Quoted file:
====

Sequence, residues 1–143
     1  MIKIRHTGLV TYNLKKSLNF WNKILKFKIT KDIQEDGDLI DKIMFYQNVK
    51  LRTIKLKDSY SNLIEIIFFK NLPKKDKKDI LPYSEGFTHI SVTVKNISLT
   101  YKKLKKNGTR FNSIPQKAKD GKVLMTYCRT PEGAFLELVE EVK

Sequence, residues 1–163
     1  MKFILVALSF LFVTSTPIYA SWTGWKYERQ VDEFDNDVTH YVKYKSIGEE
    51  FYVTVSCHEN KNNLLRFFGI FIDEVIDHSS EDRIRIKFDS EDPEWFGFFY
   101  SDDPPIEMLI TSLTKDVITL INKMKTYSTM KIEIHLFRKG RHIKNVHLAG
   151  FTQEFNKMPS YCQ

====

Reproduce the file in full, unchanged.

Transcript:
Sequence, residues 1–143
     1  MIKIRHTGLV TYNLKKSLNF WNKILKFKIT KDIQEDGDLI DKIMFYQNVK
    51  LRTIKLKDSY SNLIEIIFFK NLPKKDKKDI LPYSEGFTHI SVTVKNISLT
   101  YKKLKKNGTR FNSIPQKAKD GKVLMTYCRT PEGAFLELVE EVK

Sequence, residues 1–163
     1  MKFILVALSF LFVTSTPIYA SWTGWKYERQ VDEFDNDVTH YVKYKSIGEE
    51  FYVTVSCHEN KNNLLRFFGI FIDEVIDHSS EDRIRIKFDS EDPEWFGFFY
   101  SDDPPIEMLI TSLTKDVITL INKMKTYSTM KIEIHLFRKG RHIKNVHLAG
   151  FTQEFNKMPS YCQ